Parents' Guide to


By Emily Ashby, Common Sense Media Reviewer

age 14+

Smart Sherlock drama is a great choice for mature teens.

TV CBS Drama 2012
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A Lot or a Little?

What you will—and won't—find in this TV show.

Community Reviews

age 15+

Based on 5 parent reviews

age 16+

Disappointing after Sherlock

I watched a few of this with my nearly 14 year old. I began to be bothered by the way that the female lead presents, as overly scantily and tightly clad, etc. I then became increasingly disappointed with references to and 'tasters' of, prostitution, the sex industry, bondage, threesomes, emotionless sexual connection and so on. I felt as the show developed that these became more extreme. I was glad that I took time to watch a few more on my own, and will definitely not be exposing my child to more of the series at this age.
age 13+

Surprisingly thoughtful take on the classic, but watch with your young teen!

This is a remarkably well-written and thoughtful take on the classic Sherlock story. I love that Watson is not only female and Asian, but also that she and Sherlock remain just friends, which is rare for male/female partnerships on TV. Despite Sherlock's peculiarities and rough edges, the characters really grow and change over time as a result of their friendship. You should watch with your younger teen because there is some brief violence and sometimes sexual references, as well as some pretty twisted crimes that may bear discussion after. The second season has some increased sexual references that seem unnecessary, but so far our mature 13 yr old has been ok with it. We always talk afterwards about the motivations of all the characters, good and bad choices, and the difficult choices that have to be made sometimes.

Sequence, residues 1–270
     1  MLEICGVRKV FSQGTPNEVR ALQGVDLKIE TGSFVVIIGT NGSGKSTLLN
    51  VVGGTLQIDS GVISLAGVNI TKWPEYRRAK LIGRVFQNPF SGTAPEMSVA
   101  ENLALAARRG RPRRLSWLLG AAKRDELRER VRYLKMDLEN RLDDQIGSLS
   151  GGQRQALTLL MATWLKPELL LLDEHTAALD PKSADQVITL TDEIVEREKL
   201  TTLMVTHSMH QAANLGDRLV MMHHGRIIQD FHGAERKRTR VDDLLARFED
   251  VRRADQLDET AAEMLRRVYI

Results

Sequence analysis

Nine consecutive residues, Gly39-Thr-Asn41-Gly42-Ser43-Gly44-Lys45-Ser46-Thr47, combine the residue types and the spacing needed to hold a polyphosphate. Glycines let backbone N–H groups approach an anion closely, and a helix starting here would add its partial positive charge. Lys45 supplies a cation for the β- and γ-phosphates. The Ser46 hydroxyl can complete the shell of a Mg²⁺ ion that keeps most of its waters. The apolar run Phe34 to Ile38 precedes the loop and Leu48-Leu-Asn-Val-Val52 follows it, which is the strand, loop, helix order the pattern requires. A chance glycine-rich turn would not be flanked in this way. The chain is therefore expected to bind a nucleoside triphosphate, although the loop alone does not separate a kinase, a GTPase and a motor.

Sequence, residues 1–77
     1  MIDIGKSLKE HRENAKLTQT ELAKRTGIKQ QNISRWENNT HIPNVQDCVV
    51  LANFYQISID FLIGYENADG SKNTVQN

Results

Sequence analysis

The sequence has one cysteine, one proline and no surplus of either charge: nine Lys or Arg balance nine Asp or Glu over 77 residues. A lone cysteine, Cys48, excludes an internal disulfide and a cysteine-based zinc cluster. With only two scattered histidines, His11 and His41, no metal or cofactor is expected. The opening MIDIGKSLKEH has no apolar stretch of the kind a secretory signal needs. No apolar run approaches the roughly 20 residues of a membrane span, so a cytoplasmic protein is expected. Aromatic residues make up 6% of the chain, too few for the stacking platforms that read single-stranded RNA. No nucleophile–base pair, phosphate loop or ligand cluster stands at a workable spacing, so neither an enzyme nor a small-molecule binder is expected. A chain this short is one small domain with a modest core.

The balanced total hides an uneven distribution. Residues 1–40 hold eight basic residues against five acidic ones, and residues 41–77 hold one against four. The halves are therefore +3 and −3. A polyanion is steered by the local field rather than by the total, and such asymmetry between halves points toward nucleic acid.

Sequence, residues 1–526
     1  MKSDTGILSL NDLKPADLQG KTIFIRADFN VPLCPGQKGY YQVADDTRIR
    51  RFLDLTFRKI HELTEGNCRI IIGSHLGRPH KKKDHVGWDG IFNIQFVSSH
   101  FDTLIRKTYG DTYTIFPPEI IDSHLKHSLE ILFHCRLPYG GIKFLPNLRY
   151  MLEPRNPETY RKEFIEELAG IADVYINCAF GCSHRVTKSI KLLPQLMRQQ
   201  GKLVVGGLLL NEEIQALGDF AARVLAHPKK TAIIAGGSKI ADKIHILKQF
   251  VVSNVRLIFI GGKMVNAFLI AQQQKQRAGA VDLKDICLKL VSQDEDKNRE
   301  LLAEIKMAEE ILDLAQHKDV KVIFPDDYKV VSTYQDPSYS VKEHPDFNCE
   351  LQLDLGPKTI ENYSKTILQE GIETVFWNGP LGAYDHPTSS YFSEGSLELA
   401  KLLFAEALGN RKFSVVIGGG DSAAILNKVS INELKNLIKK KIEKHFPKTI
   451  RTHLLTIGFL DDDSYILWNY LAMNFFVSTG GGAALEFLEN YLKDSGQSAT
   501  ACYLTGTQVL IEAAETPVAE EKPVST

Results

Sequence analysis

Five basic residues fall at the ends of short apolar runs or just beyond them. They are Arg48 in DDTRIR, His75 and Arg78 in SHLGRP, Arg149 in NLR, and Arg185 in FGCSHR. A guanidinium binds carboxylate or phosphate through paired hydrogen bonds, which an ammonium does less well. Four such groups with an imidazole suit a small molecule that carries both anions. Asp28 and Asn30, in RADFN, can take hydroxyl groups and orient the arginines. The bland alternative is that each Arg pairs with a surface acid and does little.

Is It Any Good?

Our review:
Parents say (5 ):
Kids say (16 ):

This cerebral mystery series puts a fresh spin on a well-worn tale without overstepping its license to rewrite the classic. One major difference is evident from the start, and while purists might not immediately love the gender (and ethnic) swap in Watson's character, Liu will win over skeptics with her thoughtful performance of a former doctor who's still licking her own wounds from the past while trying to help Holmes escape his inner demons. The two make a pair worthy of the classic characters they play, and the notable absence of sexual attraction or tension between them is a refreshing departure from many other primetime series.

Mystery buffs will revel in this new addition to the TV repertoire that relies on sharp writing and fascinating character development to appease the potential of its superb casting. Happily, because Elementary doesn't need to delve into sensational content like violence or sex to fill gaps in its fantastic stories, this is a great options for sturdy teens with an appetite for mystery.

TV Details

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